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ARS Home » Southeast Area » Tifton, Georgia » Crop Genetics and Breeding Research » Research » Publications at this Location » Publication #349001

Title: Genotypic regulation of aflatoxin accumulation but not Aspergillus fungal growth upon post-harvest infection of peanut (Arachis hypogaea L.) seeds

item KORANI, WALID AHMED - University Of Georgia
item CHU, YE - University Of Georgia
item Holbrook, Carl - Corley
item CLEVENGER, J - University Of Georgia
item OZIAS-AKINS, P - University Of Georgia

Submitted to: Toxins
Publication Type: Peer Reviewed Journal
Publication Acceptance Date: 1/10/2018
Publication Date: 1/25/2018
Citation: Korani, W., Chu, Y., Holbrook Jr, C.C., Clevenger, J., Ozias-Akins, P. 2018. Genotypic regulation of aflatoxin accumulation but not Aspergillus fungal growth upon post-harvest infection of peanut (Arachis hypogaea L.) seeds. Toxins. 9:218.

Interpretive Summary: Peanut is one of the most susceptible crops to Aspergillus flavus infection either in the field (pre-harvest) or during storage (post-harvest). Under conducive environmental conditions, A. flavus produces aflatoxins which can cause toxicosis, cancer, and immunosupressive disease in animals including humans. Aflatoxin contamination costs the U.S. peanut industry over $20 million annually. The objective of this study was to evaluate peanut genotypes to attempt to identify sources of resistance. Genetic differences were observed in response to A. flavus fungal growth and aflatoxin production. Peanut germplasm ICG 1471 was found to inhibit aflatoxin production without restraining fungal growth. Rainout shelter testing also showed reduced aflatoxin production in ICG 1471, suggesting that this germplasm and its underlying genetic mechanisms for resistance may be useful in breeding for pre- and post-harvest aflatoxin reduction.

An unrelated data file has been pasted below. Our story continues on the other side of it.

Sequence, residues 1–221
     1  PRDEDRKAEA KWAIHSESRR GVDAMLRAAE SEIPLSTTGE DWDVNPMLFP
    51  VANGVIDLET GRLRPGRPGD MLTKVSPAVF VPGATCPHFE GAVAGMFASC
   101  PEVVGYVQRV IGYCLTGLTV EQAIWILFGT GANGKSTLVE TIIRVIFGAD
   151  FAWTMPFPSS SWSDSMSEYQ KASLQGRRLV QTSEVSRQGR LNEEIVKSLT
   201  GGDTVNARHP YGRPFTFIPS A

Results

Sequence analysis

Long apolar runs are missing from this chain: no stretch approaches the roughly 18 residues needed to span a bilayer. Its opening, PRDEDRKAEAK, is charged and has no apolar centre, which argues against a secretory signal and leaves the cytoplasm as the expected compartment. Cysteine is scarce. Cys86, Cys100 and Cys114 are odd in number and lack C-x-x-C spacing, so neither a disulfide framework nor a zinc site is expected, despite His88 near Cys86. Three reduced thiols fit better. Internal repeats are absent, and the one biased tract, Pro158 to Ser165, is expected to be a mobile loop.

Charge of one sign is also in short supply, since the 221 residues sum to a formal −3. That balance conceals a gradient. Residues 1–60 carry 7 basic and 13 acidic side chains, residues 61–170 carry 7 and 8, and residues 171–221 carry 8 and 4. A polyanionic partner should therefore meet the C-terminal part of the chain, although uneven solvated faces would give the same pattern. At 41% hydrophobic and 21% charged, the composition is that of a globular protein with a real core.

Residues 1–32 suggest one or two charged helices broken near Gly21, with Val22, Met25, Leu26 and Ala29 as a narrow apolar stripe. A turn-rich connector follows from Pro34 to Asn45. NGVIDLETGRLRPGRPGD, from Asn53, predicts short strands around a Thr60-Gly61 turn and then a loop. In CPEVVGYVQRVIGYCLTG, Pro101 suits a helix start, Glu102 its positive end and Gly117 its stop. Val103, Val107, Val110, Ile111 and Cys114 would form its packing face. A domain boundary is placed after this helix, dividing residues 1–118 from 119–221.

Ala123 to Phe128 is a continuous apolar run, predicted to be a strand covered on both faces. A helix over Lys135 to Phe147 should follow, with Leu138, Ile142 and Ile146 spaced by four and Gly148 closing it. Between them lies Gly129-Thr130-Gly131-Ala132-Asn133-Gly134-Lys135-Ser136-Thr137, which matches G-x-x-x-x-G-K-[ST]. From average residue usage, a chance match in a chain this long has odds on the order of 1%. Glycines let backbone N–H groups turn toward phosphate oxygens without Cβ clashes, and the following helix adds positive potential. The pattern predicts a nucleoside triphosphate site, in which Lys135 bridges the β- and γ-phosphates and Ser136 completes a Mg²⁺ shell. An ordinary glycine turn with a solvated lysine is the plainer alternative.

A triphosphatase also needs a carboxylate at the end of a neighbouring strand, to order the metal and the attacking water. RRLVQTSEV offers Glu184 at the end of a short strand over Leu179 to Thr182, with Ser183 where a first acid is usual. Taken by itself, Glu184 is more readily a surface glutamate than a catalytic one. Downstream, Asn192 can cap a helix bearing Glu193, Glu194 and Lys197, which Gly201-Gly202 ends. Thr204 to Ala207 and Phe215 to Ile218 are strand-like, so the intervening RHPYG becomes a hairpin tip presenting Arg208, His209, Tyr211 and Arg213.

Technical Abstract: Aflatoxin contamination is a major economic and food safety concern for the peanut industry that largely could be mitigated by genetic resistance. To screen peanut for aflatoxin resistance, Ten genotypes were infected with green fluorescent protein (GFP) - expression Aspergillus flavus strain. Percentages of fungal infected area and fungal GFP signal intensity were documented by visual ratings every 8 h for 72 h after inoculation. Significant genotypic differences in fungal growth rates were documented by repeated measures and area under the disease progress curve (AUDPC) analyses. SICIA (Seed Infection Coverage and Intensity Analyzer), and image processing software, was developed to digitize fungal GFP signals. Data from SICIA image analysis confirmed visual rating results validating its utility for quantifying fungal growth. Among the tested peanut genotypes, NC 3033 and GT-C20 supported the lowest and highest fungal growth on the surface of peanut seeds, respectively. Although differential fungal growth was observed on the surface of peanut seeds, total fungal growth in the seeds was not significantly different across genotypes based on a fluorometric GFP assay. Significant differences in aflatoxin B levels were detected across peanut genotypes. ICG 1471 had the lowest aflatoxin level whereas Florida-07 had the highest. Two-year aflatoxin tests under simulated late-season drought also showed the ICG 1471 had reduced aflatoxin production under pre-harvest field conditions. These results suggest that all peanut genotypes support A. flavus fungal growth yet differentially influence aflatoxin production.